Disassembly of Official Baseball (Genco, 1934)
Disassembling the game was easy. The long wood screws around the outside of the playfield were removed and the playfield surround lifted out. The shooter and bezel need to be removed by removing the two screws. The playfield can now be lifted out.
Bottom of the PlayfieldThe bottom of the playfield shows the normal amount of surface corrosion and surface rust. The pneumatic damper at the upper left is frozen solid, preventing the game from being reset. All these parts will be removed, cleaned or bead blasted, and reassembled. Note the initials at the upper left.
I love finding information like this. Sometimes the initials or other penciled information found inside the cabinet might indicate a famous person participated in the construction or inspection of a game. In this case the "H.M."does not appear to match any of the names associated with Genco or the designer of the game.
Old clocks and pocket watches have many initials scratched in their cases or into the plates of the clock or watch. These indicate a service person and date. I doubt arcade games got the same attention. I do not add my initials once I have restored a game as I do not want the game to be altered. I do take time to note some special characteristic of a game so that I can identify it later as having been restored at the Museum.
This is another view of the ball feed located on the bottom of the playfield. I take many pictures, often many of the same parts but different angles, in order to aid the disassembly and more importantly, the assembly of the game. See also below.
Base of Cabinet, Ball Return
The ball return located in the front of the cabinet shows the common use of both metal castings and sheet metal. Both show the surface corrosion and rust. This is the first picture of a series of pictures that I take as I disassemble components out of the game. I will try and keep the major assemblies like those shown here, together for later sub-assembly cleaning.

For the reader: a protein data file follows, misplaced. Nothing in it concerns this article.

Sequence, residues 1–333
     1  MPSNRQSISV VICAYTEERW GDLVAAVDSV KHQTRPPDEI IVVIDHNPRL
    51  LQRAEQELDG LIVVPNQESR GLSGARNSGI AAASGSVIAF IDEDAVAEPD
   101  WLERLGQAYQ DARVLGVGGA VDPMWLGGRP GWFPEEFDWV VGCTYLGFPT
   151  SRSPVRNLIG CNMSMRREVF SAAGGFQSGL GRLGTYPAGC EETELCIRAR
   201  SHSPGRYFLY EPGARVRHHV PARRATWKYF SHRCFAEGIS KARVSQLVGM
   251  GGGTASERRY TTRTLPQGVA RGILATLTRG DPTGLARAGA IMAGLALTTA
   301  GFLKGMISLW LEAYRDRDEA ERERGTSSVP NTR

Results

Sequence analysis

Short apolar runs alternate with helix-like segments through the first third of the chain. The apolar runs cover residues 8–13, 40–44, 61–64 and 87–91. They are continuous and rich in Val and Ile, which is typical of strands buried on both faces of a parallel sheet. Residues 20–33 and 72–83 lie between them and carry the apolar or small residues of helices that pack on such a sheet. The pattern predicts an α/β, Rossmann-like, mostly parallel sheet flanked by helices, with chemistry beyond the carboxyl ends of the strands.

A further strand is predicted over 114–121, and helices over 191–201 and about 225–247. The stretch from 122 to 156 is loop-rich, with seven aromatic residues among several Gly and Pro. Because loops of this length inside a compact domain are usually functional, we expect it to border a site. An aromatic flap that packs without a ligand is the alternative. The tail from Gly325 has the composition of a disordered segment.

Here are those same parts removed. Notice how they are arranged in the box pointing in the same direction and relative to each other. I generally take one part out, arrange it in the box and take a picture. I arrange the nuts, bolts, and screws pointing towards the hole where they were originally. I can even enlarge these pictures and see how many threads or exactly how long any part is so as to put them back exactly where they were originally. Note how the screws point towards the holes where they were located inside the cabinet.
Then I take out the next assembly and place it relative to the previous parts. This sequence of pictures will show the assembly order when reversed and helps avoid the problems of what goes back first. (The above is a poor example as the ball lift is not arranged in the proper location to indicate where it will go back. I noted the difference in my notes.)
Later, when cleaning the above parts, I will take more disassembly sequences of the sub-assemblies.
Now that the cabinet is empty of parts, I evaluate what is needed to repair and refinish it. I try to avoid refinishing any game unless the condition is very poor. I always discuss the refinishing with the client before proceeding. I like to remind them about scenes on the Antique Roadshow when the appraiser tells the poor owner that the cabinet is worth $5000 now that it has that nice new finish. It would be worth $50,000 if they had left on the original, and flawed, finish!
I deliberately increased the contrast of this photo, trying to show the condition of the black finish. It appears the game was submerged in water or got very wet. This raised the grain and the black finish flaked off. Notice the black area that was under the shooter. It is very black, smooth, and glossy. I will show these pictures to the owner of the game and recommend the game be refinished. Unfortunately the current condition looks damaged and does not have any patina left.
The sides of the cabinet have some damage. It looks like some white paint was spattered but upon close examination, I think it is white mold. The spots are actually eaten into the finish. I removed these with a small dental pick and some alcohol. There is no finish left on the natural wood insets and the veneer was raised in some small spots.
There are some dark smudges on the wood finish that were removed. The center insert was not masked well during manufacturing and so there is some black over spray around the edges. I will leave these because the overspray was on the game when it was made originally.
This shows some additional separation and lifting on the bottom front of the cabinet. Only a thin layer has lifted so it is still structurally sound. I will inject some white glue under the surface and weight it down. It will not be smooth but it will not deteriorate further.
When I restore a game, I try and save the fun parts for last. I will go ahead and refinish the cabinet and legs. Then I will cleans, assemble, and install the ball feed, ball return, and shooter. Finally I will get to work on the playfield.